Shirley Manson from Garbage sings to an adoring fan, “Why do you Love me?” at the San Manuel Casino on December 6, 2012.
It was a long trek in rush hour traffic from Los Angeles to Highland, CA to see Garbage‘s final headline show of the year at the San Manuel Casino, but well worth it! I was lucky enough to catch their “rehearsal” back in early April at the Bootleg Theatre and I can tell you that even after touring most of the year (Shirley announced that this was their 100th show of the tour), they still have incredible energy and power and obviously love playing together.
They performed songs from their new record Not Your Kind Of People and of course many hits from their entire catalogue. During the opening of Stupid Girl, Shirley went down and did 20 perfect push-ups sharing with the crowd that she’s still in amazing shape after all these years. I’m sure I’m not the only one that would pay to see Gwen “Abs of Steel” Stefani and Shirley Manson in a push-up contest. Shirley went on to dedicate, #1 Crush to Bean from KROQ’s Kevin & Bean morning show stating how incredible and brave he was. Bean recently underwent kidney transplant surgery to help long time KROQ staffer Scott Mason, It was actually one of the most touching song dedications I have ever heard at a concert.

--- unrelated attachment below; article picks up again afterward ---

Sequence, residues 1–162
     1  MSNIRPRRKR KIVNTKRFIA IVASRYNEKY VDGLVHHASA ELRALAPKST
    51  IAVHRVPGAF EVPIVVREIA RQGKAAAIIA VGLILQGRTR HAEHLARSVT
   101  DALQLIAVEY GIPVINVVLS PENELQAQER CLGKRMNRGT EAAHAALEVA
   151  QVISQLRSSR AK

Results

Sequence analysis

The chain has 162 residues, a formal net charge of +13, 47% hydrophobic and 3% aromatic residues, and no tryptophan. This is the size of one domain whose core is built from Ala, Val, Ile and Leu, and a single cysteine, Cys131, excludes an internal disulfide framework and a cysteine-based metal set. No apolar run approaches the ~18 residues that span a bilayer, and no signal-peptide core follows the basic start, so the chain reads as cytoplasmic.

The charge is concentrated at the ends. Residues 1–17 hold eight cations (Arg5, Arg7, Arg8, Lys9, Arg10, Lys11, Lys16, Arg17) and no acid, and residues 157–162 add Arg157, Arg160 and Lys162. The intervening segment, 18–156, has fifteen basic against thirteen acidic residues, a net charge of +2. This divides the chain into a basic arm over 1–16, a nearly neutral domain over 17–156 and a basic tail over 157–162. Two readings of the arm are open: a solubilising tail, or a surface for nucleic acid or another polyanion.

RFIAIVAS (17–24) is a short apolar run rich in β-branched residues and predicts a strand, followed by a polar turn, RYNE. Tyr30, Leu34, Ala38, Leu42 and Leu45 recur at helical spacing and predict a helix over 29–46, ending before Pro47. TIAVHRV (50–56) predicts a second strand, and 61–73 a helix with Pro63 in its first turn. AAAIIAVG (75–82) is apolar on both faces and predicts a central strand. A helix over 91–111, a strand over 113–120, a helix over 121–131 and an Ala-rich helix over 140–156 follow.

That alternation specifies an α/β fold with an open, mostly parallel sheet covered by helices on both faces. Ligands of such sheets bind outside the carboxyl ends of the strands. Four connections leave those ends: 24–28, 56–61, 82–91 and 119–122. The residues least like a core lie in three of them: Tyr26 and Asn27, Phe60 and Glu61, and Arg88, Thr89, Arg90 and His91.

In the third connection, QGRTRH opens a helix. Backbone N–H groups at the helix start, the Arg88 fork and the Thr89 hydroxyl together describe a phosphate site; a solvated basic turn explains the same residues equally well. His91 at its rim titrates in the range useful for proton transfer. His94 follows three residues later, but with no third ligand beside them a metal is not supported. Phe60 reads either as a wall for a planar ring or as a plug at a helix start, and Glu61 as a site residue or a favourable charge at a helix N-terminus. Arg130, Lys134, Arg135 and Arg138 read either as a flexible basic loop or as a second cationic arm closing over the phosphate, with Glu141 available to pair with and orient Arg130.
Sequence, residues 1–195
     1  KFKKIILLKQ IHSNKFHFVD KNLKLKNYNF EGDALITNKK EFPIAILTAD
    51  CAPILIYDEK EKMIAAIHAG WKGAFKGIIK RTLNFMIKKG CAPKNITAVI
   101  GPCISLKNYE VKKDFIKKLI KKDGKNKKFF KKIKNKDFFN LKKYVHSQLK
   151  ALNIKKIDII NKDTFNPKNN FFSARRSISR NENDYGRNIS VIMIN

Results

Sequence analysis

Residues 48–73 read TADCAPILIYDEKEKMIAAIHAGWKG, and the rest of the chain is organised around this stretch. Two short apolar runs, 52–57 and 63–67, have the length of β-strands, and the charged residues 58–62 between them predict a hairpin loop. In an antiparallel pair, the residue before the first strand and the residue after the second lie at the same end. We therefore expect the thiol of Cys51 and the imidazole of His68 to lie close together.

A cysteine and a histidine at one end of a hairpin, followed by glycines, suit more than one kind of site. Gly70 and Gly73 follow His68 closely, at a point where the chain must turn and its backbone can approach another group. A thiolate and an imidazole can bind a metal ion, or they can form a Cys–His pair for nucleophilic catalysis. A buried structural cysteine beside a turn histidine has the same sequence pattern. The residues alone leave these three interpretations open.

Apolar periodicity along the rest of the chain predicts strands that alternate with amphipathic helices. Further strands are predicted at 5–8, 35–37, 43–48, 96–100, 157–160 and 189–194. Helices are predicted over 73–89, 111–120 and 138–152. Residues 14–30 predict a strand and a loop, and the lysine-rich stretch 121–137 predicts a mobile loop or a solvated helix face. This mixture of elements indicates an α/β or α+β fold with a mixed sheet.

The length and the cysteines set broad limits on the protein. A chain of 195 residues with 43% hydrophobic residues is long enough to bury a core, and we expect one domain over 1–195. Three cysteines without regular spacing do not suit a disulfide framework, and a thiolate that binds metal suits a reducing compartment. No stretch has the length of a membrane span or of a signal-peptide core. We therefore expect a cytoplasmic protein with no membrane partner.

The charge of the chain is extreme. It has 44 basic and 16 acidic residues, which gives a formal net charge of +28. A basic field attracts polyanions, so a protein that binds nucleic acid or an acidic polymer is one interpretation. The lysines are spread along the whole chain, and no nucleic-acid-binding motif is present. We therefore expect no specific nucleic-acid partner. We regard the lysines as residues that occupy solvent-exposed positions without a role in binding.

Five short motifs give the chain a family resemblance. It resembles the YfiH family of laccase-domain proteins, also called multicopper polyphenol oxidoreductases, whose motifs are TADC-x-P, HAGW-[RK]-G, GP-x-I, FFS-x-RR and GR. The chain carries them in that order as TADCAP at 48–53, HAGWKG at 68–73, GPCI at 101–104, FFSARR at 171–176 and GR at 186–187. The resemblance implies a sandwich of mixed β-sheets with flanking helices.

Garbage heads to New Zealand and Australia starting in February, 2013 so definitely check them out if you’re able to!
Influenced by 21st. century technology like video games, Google earth, Internet, and You-tube, Kenneth Burris drawings become an expression of isolation and sporadic: envisioning apocalyptic tableaux with a future of decadence and decay.
“2D Or Not 2D” is the second collaborative project between Russian photographer Alexander Khokhlov and make-up artist Valeriya Kutsan, with the addition of Veronica Ershova who assisted in retouching and post-production of the images. Inspired by two-dimensional posters, the aim of the project was to transform models’ faces into 2D images that re-imagine the work of some well-known sketch, graphic, watercolor, and oil painting artists such as Lichtenstein, Basquiat, and Mondrian. Kutsan’s makeup design and application flattens the faces of the models, while the angles chosen by Khokhlov and enhanced by Ershova contribute to the overall illusion of two-dimensional representation.
The other 2D project (more images shown toward the bottom of this post) Khokhlov and Kutsan collaborated on was a series of monochrome prints titled “Weird Beauty” of painted faces that feature corporate logos, QR codes, and other prominent modern imagery.
Andrea Petrachi (aka Himatic) creates android-like sculptural figures out of miscellaneous found objects like toys and cameras. They remind me of those creepy doll things that the kid from Toy Story put together, with a little RAMELLZEE “Letter Racer” style thrown in. Petrachi describes his work as a “symbol of our out-of-control desire to buy things”. There definitely is a lot of “stuff” that we go through that just sits around forever after we buy it. In a way, this project gives forgotten items a second life. They’re also cool to look at. Andrea Petrachi is based in Milan. (via)